By day, it could be easy to get overwhelmed in Dubrovnik, given the city’s countless ornate buildings and the enormous sea of tourists streaming down the main street, the Stradun. But it’s important to not miss the details, especially the maskeron or gargoyle-like faces that emerge from fountains and walls, adding a delightful quirkiness to the architecture.
Yesterday, we had maskeron madness, spying some fun examples just inside the Old Town’s Pile Gate, which is on the western side of the city. Many visitors, canines and locals passed them by unnoticed. Tourists snapped shots of the nearby Onofrio’s Fountains, missing the maskeron, which seemed to be waiting for the perfect moment to gobble up their shins from behind.
Rainwater once drained from building-tops via pipes, spraying out water from these ground level maskerons‘ mouths, but the pipes have since been rerouted. On Onofrio’s Fountains, you’ll see higher maskerons still in action, gushing out water that many still drink today.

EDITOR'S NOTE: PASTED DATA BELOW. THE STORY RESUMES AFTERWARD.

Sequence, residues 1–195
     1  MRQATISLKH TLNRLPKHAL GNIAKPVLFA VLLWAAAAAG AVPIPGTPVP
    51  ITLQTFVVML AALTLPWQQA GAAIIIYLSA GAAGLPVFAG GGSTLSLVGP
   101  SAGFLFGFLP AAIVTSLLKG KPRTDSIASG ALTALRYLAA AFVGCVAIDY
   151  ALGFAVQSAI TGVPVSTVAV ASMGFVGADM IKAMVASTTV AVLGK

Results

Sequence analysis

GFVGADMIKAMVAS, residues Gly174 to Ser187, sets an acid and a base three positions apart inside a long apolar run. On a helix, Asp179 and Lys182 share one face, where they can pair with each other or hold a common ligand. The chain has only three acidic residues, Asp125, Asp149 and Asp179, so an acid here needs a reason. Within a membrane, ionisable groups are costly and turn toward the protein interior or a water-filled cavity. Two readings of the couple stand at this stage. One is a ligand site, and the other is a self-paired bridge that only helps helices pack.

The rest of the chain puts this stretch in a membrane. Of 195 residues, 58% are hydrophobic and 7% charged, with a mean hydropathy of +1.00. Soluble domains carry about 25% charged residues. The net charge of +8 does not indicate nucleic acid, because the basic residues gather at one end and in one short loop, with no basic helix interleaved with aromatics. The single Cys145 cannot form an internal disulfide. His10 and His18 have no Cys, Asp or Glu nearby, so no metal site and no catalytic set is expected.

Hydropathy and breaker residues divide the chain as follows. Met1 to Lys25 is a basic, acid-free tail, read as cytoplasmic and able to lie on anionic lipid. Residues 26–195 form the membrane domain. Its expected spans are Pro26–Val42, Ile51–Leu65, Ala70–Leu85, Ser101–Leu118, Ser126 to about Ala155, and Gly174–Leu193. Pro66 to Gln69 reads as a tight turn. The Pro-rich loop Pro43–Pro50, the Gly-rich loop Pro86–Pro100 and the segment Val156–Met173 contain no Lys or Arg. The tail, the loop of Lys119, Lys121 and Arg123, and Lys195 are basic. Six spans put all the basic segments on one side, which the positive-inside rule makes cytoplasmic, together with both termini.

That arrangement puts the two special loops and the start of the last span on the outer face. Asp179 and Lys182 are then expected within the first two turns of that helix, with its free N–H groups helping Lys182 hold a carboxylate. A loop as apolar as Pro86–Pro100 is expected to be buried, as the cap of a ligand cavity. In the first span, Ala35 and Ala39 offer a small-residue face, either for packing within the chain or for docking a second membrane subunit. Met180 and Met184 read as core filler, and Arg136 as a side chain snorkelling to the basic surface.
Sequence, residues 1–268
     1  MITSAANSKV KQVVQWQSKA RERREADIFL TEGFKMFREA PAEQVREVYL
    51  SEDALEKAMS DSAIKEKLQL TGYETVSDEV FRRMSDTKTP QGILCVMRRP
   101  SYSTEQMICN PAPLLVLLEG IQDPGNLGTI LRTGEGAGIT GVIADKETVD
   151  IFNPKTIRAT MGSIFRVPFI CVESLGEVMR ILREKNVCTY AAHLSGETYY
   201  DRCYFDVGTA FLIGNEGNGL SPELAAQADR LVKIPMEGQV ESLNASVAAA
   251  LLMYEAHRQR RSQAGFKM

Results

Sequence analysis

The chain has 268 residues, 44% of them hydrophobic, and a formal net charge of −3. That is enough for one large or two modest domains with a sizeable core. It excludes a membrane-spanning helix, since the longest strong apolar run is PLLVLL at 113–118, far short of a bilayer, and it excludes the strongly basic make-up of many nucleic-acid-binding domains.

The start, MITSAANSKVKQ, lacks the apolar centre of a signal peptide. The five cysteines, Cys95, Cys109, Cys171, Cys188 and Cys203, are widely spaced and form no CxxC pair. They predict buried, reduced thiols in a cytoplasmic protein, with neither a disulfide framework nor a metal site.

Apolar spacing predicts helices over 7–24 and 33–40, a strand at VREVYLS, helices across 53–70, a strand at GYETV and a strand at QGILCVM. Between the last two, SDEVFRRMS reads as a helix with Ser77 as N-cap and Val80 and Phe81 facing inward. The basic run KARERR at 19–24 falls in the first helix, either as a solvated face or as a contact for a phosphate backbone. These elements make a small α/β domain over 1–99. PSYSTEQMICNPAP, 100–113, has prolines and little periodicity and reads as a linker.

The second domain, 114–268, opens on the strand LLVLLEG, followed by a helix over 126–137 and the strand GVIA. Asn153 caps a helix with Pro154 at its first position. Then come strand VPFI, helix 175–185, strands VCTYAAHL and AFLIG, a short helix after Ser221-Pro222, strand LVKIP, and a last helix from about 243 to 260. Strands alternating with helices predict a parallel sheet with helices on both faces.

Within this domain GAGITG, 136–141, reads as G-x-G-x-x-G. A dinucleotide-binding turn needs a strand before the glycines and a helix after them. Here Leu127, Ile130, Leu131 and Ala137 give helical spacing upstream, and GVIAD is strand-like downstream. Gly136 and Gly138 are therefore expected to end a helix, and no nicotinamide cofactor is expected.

One of the most legendary maskerons is near the Franciscan monastery, close to the steep stairway that visitors climb to reach the city walls. As you come through the Pile Gate, it’s on the left side, about a foot off the ground. According to legend, if you can stand on top of the head facing the wall, maintain your balance, and remove your shirt, you will forever be lucky in love. We didn’t learn about this custom until after we spotted this maskeron – and we already feel quite lucky in love anyways :) – but it was nevertheless fun seeing these maskeron balancing attempts and learning more about the legend afterwards.
Have you attempted to balance on the Dubrovnik maskeron, and if so, are you now lucky in love? Which city’s architectural details do you fancy?
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Photography & text © Tricia A. Mitchell. All Rights Reserved.